March came in like a lion and out like a lion, drenching New England in snow and freezing rain . This busy month found me reading backstage at concerts, during breaks at rehearsals, and walking down the street on our few temperate days.
Colum McCann uses language in a fascinating way, and writes riveting prose. I didn’t read Let the Great World Spin, his acclaimed novel that preceded TransAtlantic, but now it is certainly on my list of things to read. This most recent book spans multiple eras in North America and Ireland. The last 25 pages or so in which he tries to tie everything together were a little strained, but the book works as a series of vignettes.
I posted my thoughts on this book earlier this month. I know many of you were reading along with me and I’m eager to hear your take!
Tsh Oxenreider has mastered the breezy, self-helpy style that sells like hotcakes while urging everyone to simplify and “live intentionally”. I really enjoyed the book, which I won from Preston Yancey’s blog. Oxenreider’s life journey has been fascinating, though perhaps not as simple and slow as the life that she is advocating. She walks us through her efforts to simplify, but the uniqueness of her story (extensive world travel and making a living as a blogger) makes it difficult to relate to some of her struggles. She does her best to address the issue of money in an appendix, which I thought was the best part of the book.
From time to time I read bestsellers just to see what makes a bestseller. This book was lying around the faculty room and I knew I could blow through it in a few days. As with many books of this type, I was glad I only spent two days on it. According to the reviews this is a “window into the male psyche”, in which case I resign from the human race.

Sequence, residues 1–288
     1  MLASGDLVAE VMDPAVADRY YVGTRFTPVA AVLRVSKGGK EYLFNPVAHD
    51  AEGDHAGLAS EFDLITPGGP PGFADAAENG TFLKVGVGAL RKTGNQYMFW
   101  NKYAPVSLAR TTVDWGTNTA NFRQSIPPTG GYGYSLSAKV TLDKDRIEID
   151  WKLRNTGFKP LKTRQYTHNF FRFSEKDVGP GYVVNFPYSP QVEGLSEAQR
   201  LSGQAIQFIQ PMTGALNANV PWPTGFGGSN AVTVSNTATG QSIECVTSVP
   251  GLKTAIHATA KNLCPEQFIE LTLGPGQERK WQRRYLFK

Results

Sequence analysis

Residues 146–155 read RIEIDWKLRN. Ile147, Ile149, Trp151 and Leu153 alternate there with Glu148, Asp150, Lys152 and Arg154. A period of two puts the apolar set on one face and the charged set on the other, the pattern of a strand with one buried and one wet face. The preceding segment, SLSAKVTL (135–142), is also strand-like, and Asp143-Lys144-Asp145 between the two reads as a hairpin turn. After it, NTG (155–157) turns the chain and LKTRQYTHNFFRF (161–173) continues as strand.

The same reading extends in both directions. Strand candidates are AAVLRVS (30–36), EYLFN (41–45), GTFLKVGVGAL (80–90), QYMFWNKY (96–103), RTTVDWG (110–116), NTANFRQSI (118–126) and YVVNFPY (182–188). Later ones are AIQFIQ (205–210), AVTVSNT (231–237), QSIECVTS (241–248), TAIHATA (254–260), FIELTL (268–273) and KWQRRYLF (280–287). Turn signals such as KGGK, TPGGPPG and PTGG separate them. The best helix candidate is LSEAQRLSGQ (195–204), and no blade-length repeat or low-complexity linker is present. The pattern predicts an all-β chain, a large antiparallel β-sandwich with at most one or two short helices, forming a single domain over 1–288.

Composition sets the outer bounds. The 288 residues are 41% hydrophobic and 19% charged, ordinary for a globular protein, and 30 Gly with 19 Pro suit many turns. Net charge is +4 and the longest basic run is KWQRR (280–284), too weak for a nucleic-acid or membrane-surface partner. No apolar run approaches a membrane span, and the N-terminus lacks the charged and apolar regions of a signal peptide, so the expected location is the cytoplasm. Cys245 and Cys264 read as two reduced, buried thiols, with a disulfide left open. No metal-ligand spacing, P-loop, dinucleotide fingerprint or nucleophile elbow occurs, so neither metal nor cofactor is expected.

At first I was overwhelmed by the silly, commitment-free sex, but I realized that was just a distraction from the real fantasy of this book: a world of gratuitous punching. Everyone punches and is punched in the face. Having never seen someone punched in the face in real life, I have to assume that a dozen or so punches in a 250 page novel is extreme.
Another peeve: overuse of the word “toned” to describe women’s bodies. As if describing women’s bodies wasn’t skeevy enough, use of the word “toned” really makes my gorge rise. Even by the end of the book I couldn’t remember which of the clumsily drawn female characters was which. Most of them were caricatures with five letter names ending in “Y”.
I never got a strong sense of place in this book either. I guess you can take out all of your description and put in punches, and that makes a best seller. I stayed with this book to find out what happened to the characters, and even that was a let down. In short, yuck. I only provide the affiliate link so that you can click through and buy something by Gloria Steinem.
[One compliment: whoever did the cover design was right on the money. As soon as I picked it up I knew that the book would be a poor man’s Royal Tenenbaums.]
Richard Cole’s lovely, honest spiritual memoir was a good read (especially after rage-reading the previous book). His unsparing self-awareness strips the sugar-coating from his conversion story and makes it much more than the same-old. As a lover of liturgy, I really enjoyed the way he writes about his attraction to the Mass and the Eucharist with an outsider’s perspective. If you’re looking to round out your Lenten reading, I highly recommend this in paperback or Kindle.
Have you read any bestsellers lately? Did they live up to the hype or leave you wondering why they were so popular? What did you read in March?
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